Only play ball if you really want to, he was told.
Jalen Moore's father, Jimmy, had been drafted by the Seattle SuperSonics and competed for 10 years overseas. Basketball was an option, not an obligation, for Moore and his older brother.
So Moore expanded his horizons. He participated in football and track and field in high school. He also took up the bass in the school orchestra for a year.
Still, he found himself drawn to the sport that ran in his family.
"My dad said I had good potential," Moore said. "He didn't push it on me and my brother. But we fell in love with the game and it happened."
Moore, a 6-foot-8, 215-pound small forward, is looking to make it to the NBA following a four-year career at Utah State. Moore averaged 17.0 points (42.6 percent from three), 5.5 rebounds and 2.6 assists in 35.5 minutes per game last season.
He worked out for the Sixers on Monday in a group of projected second-round to undrafted prospects. He already met with the Bucks, Magic, Thunder and had the Celtics and Bulls remaining.
"I definitely think I could fit in," Moore said of the Sixers. "I'll play whatever position they need me to play - three, four. I feel like I could stretch the court a little bit. Running, being athletic, shooting the ball, being consistent with it, finishing by the rim."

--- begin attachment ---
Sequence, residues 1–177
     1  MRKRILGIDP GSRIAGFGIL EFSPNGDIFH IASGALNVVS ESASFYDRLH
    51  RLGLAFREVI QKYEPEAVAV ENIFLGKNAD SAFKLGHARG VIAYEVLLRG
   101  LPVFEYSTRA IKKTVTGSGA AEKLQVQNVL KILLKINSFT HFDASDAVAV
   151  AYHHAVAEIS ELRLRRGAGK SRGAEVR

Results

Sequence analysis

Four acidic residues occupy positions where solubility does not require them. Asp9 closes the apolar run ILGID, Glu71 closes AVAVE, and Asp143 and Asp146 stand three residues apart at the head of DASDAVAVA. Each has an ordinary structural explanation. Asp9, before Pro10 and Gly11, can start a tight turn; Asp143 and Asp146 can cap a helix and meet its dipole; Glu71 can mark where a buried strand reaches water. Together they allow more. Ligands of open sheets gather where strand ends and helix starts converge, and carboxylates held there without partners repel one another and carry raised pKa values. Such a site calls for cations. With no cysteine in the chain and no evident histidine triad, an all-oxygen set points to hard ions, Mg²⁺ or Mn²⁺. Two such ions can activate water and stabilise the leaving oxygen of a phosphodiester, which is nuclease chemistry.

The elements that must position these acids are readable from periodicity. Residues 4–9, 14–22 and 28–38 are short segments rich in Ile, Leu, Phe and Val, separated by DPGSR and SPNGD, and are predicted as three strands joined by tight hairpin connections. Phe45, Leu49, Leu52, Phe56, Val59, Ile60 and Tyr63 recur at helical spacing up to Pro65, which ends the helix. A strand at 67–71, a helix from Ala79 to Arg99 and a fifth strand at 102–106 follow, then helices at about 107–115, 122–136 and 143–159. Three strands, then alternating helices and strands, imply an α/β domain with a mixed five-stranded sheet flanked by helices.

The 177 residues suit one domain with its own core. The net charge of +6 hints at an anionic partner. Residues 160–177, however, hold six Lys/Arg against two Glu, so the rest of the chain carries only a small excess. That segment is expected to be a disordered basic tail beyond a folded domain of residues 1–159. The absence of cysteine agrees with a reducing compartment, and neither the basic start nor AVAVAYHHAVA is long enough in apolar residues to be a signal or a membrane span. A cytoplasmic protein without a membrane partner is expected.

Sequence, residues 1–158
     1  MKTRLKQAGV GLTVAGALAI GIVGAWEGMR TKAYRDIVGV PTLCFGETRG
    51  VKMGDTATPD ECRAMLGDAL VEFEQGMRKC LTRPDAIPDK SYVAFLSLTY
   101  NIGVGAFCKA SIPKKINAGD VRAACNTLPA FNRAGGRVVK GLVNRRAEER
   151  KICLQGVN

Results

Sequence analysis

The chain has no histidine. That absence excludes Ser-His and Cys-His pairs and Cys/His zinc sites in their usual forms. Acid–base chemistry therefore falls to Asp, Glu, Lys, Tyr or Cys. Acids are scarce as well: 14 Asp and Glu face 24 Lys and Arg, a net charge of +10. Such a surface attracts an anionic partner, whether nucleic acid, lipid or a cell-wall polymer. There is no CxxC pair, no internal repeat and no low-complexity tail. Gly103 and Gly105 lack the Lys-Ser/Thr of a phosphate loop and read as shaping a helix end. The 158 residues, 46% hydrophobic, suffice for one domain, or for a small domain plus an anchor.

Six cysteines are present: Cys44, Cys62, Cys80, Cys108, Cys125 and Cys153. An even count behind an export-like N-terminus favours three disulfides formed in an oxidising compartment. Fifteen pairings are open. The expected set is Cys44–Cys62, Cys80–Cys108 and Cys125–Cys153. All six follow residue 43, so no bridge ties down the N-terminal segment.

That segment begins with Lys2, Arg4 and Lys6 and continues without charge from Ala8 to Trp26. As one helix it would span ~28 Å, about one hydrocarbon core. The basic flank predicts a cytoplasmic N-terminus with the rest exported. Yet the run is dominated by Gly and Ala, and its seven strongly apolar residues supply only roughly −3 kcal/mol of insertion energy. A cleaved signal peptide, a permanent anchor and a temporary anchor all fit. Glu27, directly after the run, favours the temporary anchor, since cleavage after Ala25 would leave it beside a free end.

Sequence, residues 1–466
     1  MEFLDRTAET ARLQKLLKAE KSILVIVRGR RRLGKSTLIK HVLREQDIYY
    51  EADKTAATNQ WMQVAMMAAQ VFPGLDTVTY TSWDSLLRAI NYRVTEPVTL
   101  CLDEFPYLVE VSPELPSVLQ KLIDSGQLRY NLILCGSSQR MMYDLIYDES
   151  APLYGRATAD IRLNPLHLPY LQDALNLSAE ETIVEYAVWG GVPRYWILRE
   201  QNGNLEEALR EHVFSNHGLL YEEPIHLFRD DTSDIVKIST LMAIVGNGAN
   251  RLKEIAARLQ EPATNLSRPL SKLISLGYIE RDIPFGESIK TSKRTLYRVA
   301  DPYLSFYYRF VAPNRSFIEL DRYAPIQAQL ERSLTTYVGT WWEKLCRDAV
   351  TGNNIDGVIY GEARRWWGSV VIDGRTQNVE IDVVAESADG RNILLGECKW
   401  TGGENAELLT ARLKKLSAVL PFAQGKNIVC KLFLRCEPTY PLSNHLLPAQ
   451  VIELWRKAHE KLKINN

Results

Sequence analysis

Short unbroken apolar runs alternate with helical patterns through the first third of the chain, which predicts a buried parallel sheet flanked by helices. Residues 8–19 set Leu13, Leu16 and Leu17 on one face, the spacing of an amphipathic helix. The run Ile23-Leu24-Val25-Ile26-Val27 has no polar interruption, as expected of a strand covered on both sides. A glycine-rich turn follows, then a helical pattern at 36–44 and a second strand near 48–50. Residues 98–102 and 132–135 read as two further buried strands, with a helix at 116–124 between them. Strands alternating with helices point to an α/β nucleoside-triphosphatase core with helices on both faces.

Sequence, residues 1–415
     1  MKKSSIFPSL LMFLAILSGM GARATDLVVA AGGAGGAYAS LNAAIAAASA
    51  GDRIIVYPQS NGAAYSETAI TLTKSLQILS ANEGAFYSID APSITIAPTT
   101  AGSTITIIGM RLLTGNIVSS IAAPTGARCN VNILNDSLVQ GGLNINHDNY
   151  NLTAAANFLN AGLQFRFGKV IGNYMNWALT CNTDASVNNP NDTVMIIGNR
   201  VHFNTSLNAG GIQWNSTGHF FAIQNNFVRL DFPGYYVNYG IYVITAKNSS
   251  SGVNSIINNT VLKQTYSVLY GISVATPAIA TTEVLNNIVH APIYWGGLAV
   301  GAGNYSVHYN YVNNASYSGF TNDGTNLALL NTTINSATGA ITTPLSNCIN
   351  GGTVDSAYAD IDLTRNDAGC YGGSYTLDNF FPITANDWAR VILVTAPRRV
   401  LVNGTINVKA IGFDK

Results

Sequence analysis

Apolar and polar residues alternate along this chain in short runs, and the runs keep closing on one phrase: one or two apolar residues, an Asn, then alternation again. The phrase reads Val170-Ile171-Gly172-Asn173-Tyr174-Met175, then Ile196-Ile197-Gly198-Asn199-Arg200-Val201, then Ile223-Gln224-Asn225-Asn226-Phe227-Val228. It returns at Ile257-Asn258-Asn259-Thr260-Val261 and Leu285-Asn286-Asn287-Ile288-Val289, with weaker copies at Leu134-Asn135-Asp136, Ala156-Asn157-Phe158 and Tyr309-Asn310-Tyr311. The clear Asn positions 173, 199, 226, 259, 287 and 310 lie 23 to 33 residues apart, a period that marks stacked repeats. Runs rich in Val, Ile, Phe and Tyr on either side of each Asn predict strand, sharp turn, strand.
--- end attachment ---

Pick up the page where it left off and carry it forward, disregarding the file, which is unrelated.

Moore didn't initially realize his NBA potential when he got to Utah State. He only averaged 17.5 minutes per game as a freshman. However, when several of his teammates transferred, Moore quickly found himself on the court for 30-plus minutes each season thereafter. Last year, Moore tested the draft waters and worked out for the Jazz, Grizzlies and Timberwolves.
"I had good workouts, and I thought I might be able to play in the NBA if I work on it," he said. "Now I'm here."
Moore is soaking up the pre-draft process. He enjoys the three-on-three competition and going up against collegiate players he watched on television. He isn't losing sight of what it means to be considered by NBA teams to play at the highest level. Moore continues to follow the advice of his family, which has helped get him to this point.
"Not a lot of people get to do this, travel around the U.S. and play the sport they love," he said. "The main thing is having fun when I'm doing it. A bunch of people would kill to be doing what you're doing. Just be positive about it and have a good time."